“No, you know what’s racist to me? When somebody goes out and says the horrible things about our country, the people of our country, that are antisemitic, who hate everybody, who speak with scorn and hate,” Mr Trump said. “... We’re dealing with people who hate our country.”
During an event on Thursday in the Oval Office, Mr Trump told reporters that he did not agree with the chant of “Send her back!” and “felt a little bit badly about it”.
He also claimed he had moved to cut the chant off by starting to speak against it “very quickly”, even though he paused for 13 seconds until the chant died down.
Kayleigh McEnany, a spokeswoman for Mr Trump’s re-election campaign, told CBSN on Thursday that Mr Trump “couldn’t really hear what was going on” when the crowd started to chant.
Mr Trump’s decision to try to distance himself from the chant came after a flurry of GOP lawmakers publicly condemned it, even while being careful not to denounce Mr Trump directly.
On Friday, Mr Trump dismissed reports that first lady Melania Trump and his daughter, Ivanka, had advised him to condemn the racist chant.
“False information. It was fake news,” he said.
In his tweets on Friday, Mr Trump predicted that he would win Minnesota next year, saying voters there “can’t stand” Ms Omar and “her hatred of our country”.
In 2016, Democrat Hillary Clinton carried Minnesota by less than two percentage points.
Later on Friday morning, Mr Trump retweeted several of his tweets from earlier this week in which he was critical of Ms Omar and the other minority lawmakers, including one in which he said it was “sad to see the Democrats sticking up for people who speak so badly of our country and who, in addition, hate Israel with a true and unbridled passion”.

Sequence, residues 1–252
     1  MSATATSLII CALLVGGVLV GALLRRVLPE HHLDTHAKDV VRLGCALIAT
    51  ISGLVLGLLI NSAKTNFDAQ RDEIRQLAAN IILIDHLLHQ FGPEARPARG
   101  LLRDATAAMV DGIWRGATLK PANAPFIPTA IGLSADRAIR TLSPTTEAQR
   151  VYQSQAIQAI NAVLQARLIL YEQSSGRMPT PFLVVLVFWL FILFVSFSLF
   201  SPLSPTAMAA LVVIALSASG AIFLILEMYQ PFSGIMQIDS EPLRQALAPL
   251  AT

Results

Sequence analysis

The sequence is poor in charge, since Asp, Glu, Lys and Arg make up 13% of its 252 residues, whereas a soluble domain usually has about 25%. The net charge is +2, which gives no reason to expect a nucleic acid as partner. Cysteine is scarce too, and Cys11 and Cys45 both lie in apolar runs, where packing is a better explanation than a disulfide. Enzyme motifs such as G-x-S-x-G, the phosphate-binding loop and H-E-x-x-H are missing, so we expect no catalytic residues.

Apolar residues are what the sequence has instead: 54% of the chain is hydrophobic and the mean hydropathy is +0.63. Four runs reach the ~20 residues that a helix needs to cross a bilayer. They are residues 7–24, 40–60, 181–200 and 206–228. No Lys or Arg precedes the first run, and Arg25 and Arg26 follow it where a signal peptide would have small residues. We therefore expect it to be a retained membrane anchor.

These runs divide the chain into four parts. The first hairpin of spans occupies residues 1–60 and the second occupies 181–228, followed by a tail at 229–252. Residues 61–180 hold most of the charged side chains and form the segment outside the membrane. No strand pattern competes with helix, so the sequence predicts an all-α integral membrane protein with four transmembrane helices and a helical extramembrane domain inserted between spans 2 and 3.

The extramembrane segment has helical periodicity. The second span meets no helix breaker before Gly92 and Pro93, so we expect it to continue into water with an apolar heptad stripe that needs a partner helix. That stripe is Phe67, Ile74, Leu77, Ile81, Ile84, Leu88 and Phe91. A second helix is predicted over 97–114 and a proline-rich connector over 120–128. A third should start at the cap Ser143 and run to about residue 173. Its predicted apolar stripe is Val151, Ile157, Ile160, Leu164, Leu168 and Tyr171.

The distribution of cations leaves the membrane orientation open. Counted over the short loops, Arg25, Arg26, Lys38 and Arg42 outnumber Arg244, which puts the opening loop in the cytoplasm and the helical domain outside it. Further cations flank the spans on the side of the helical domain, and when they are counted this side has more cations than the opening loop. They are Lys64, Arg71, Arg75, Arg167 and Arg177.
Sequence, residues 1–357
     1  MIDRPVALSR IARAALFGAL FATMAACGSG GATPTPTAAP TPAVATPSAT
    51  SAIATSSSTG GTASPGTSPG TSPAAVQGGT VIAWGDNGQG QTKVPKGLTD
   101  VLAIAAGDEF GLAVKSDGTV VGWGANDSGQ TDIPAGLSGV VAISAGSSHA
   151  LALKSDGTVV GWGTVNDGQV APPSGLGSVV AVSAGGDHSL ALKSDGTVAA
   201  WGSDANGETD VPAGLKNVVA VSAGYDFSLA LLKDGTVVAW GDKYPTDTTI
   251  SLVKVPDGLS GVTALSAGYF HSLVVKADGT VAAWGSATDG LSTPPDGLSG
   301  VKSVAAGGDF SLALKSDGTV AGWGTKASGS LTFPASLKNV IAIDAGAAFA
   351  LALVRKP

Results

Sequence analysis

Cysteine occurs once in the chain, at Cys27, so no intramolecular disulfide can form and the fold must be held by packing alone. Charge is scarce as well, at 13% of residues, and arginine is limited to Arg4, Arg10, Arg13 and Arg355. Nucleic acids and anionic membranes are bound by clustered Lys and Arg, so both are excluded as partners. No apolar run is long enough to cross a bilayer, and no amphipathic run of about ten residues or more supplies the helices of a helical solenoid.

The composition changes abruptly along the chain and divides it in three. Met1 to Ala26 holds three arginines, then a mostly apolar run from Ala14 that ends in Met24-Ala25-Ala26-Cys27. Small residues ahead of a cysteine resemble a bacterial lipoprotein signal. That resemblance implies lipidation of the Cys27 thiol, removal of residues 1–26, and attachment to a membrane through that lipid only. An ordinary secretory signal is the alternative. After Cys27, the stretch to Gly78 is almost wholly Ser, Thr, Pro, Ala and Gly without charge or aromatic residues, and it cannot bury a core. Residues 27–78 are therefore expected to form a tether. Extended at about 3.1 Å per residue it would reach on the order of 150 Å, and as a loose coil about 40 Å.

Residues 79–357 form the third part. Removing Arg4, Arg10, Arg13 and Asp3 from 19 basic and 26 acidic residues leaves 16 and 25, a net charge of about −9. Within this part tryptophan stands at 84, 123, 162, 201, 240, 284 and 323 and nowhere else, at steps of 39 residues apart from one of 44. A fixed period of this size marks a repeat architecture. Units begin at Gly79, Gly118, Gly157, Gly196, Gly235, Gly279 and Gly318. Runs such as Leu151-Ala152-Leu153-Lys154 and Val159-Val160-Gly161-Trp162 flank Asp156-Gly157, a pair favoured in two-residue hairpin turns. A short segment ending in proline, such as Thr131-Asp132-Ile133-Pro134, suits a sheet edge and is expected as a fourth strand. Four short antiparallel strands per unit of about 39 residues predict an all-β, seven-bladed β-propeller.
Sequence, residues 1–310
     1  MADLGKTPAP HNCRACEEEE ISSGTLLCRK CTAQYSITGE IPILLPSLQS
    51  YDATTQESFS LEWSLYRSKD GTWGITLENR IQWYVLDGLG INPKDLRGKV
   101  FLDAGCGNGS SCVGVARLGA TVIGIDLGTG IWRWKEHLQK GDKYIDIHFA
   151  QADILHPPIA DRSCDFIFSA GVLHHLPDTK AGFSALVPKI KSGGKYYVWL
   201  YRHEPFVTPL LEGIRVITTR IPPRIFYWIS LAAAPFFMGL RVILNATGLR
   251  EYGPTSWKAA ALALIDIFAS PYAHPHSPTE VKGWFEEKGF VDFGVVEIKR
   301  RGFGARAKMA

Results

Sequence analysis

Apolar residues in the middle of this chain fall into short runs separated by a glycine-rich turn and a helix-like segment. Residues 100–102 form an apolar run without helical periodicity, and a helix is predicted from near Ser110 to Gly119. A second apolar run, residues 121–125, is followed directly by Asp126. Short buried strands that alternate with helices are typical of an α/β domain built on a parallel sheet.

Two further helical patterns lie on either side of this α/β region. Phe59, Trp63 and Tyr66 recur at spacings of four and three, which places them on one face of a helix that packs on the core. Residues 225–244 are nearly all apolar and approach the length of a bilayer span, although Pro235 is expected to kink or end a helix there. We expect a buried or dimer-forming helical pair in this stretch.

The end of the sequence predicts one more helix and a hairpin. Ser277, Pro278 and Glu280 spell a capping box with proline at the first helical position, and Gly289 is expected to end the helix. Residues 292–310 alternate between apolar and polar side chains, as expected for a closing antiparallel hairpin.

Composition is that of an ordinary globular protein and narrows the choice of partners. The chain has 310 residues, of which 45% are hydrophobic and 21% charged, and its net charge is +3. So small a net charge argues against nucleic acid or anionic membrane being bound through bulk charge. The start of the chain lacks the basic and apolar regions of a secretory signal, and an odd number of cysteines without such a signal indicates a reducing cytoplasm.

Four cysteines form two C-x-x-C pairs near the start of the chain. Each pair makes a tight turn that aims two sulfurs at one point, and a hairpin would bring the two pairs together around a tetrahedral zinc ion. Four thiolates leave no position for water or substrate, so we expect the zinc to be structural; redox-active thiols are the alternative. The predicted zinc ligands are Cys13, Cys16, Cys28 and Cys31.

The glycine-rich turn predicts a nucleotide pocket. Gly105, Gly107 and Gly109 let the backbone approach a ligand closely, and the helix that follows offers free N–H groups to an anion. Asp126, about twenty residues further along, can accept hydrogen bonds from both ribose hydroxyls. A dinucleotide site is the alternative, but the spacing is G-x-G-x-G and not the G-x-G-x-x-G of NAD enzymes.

Former first lady Michelle Obama weighed in on Twitter.
“What truly makes our country great is its diversity. I’ve seen that beauty in so many ways over the years,” she wrote.
“Whether we are born here or seek refuge here, there’s a place for us all. We must remember it’s not my America or your America. It’s our America.”
Ms Ocasio-Cortez, meanwhile, on Friday tweeted footage of Ms Omar’s greeting at the airport as she returned to Minnesota the night before.
“This land is your land, This land is my land, This land was made for you and me,” Ms Ocasio-Cortez wrote, adding the hashtag, #IStandWithIlhan.
In remarks at the airport, Ms Omar pledged to continue to be Mr Trump’s “nightmare”.
“When I said I was the president’s nightmare, well you’re watching it now,” she said. “Because his nightmare is seeing a Somali immigrant refugee rise to Congress.”